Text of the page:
Where then, should love of family, for instance, fit in the spectrum of “mine”? How to avoid a distorted, overly possessive kind of love for those so cherished? While a false notion of possession is to be avoided, a good sense of “mine” is still worth seeking. Lewis’s devil gives us the key, by his correction that all is “pure gift”—the positive flip side to the negative admonition regarding false conquests. He adds within the same letter: “The man can neither make, nor retain, one moment of time; it all comes to him by pure gift.”[3]

The thing is, Screwtape is right to say that everything is gift, and thus to laugh at humans for our toddleresque spiritual habits. But it’s also true that what is given to us as a gift is still ours in a very real sense.

Blessed John Henry Newman (of whom Lewis is clearly a distiller) can be helpful in understanding “pure gift” in a positive sense of what is really and rightly “mine.” In Grammar of Assent, for instance, he writes extensively about gift on a philosophical level. Newman’s notion of gift sheds light on the interplay between what has been given and how we are meant to act in response to those gifts. A big part of this is that among our many gifts (i.e. innate talents, basic linguistic and abstract reasoning capacities) is that of free will. For Newman, it is the individual’s

gift to be the creator of his own sufficiency; and to be emphatically self-made. This is the law of his being, which he cannot escape; and whatever is involved in that law he is bound, or rather he is carried on, to fulfil.[4]

There is an interplay, then, between what (or whom) we are given and what we do about it—or, as we might say, between God’s work and our own. The ways in which we choose to love or to lord over, to embrace or to suffocate, are our own. Choices about how to love are shaped by experiences, influenced by relationships, moved by grace—but ultimately each of us must make and act on them for ourselves.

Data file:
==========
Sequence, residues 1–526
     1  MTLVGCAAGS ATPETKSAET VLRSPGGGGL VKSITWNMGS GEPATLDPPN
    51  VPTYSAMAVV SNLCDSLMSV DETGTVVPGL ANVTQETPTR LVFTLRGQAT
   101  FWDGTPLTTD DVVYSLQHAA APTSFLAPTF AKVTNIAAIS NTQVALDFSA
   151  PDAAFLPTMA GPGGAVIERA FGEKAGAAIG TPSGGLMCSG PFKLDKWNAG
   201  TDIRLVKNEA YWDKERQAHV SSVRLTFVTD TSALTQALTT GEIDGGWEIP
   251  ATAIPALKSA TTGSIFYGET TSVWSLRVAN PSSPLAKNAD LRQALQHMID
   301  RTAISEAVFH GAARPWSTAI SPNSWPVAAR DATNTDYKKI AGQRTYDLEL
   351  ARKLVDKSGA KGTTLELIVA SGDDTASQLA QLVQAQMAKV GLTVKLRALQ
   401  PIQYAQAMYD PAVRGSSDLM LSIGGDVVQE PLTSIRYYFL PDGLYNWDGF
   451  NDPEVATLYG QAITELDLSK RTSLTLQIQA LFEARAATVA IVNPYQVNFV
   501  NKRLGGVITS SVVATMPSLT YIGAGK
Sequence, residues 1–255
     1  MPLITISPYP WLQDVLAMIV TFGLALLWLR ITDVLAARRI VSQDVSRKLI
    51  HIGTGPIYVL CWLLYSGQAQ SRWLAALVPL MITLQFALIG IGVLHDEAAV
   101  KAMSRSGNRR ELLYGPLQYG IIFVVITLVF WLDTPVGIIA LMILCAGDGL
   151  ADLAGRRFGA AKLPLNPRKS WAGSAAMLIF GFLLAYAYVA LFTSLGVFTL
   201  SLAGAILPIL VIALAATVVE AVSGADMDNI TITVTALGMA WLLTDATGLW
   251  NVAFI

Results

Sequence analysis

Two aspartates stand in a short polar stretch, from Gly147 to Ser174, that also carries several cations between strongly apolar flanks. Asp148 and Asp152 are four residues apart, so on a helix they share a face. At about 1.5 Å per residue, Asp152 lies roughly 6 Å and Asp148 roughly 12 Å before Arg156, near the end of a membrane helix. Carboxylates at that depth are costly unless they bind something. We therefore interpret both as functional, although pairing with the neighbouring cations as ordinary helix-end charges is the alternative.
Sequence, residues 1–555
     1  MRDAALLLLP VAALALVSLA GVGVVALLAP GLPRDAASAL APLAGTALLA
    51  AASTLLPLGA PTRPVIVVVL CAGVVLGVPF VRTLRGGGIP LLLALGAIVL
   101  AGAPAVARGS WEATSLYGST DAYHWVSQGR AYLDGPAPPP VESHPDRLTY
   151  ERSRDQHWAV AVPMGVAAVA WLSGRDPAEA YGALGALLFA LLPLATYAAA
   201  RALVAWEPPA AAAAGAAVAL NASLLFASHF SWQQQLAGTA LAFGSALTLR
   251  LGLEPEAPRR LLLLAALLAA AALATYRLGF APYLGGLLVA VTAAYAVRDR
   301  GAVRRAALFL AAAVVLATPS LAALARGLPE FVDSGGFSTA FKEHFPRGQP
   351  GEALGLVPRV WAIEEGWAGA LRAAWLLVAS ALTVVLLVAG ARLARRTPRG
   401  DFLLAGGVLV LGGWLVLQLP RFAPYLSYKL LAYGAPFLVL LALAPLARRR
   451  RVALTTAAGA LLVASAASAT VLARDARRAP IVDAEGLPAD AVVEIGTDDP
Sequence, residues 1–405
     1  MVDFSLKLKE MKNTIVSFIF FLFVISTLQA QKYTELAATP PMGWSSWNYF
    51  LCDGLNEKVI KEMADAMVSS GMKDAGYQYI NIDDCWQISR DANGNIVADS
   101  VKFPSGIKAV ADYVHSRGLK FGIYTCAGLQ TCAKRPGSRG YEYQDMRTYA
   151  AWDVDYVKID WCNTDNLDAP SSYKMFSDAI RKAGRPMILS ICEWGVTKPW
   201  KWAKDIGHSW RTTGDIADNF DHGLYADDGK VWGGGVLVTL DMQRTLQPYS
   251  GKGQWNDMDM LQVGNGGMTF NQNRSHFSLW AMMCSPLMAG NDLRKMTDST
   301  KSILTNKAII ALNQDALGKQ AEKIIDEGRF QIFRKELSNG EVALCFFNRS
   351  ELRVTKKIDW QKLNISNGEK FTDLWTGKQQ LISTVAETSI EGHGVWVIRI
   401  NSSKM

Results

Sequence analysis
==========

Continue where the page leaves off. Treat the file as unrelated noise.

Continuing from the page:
The wrong “mine” is a choice for power and possession.  But if we understand those choices about how to love as our own from a place that acknowledges the temporally tenuous nature of what is given us, then we rightly take that which is “mine” as divine gift.

It may be true, and difficult, that we are but caretakers of the persons we want to lay claim in an absolute sense. But these persons in fact are gifts that are in some way properly “ours,” and whom we are meant to help along on a pilgrimage back home. Though these be given, they are given—to each of us. In this way we can justly say “I am my beloved’s and my beloved is mine” (Song 6:3).

Thus tempering our notion of “mine” doesn’t mean our loves in this life don’t matter; on the contrary, accepting how deep, how terrifyingly strong even, are the bonds of love ought to give us a better view of how God sees us. For if family life can work to chip away at a false sense of “mine,” it also serves to open our eyes to the only absolute sense of “mine” that exists—that of our own belonging to God, who claims us for His own as the One for whom we are made.

Featured Photo: Philippe Put; CC-BY 2.0.

[1] C.S. Lewis, Screwtape Letters, Letter XXI.

[2] Ibid.

[3] Ibid. Also: “We teach them not to notice the different senses of the possessive pronoun—the finely graded differences that run from ‘my boots’ through ‘my dog’ . . . ‘my wife,’ ‘my father’ . . . ‘my God'” (ibid).

[4] Cardinal John Henry Newman, Grammar of Assent, 349.

 

 

 

Tania M. Geist

Tania M. Geist is the managing editor of Church Life.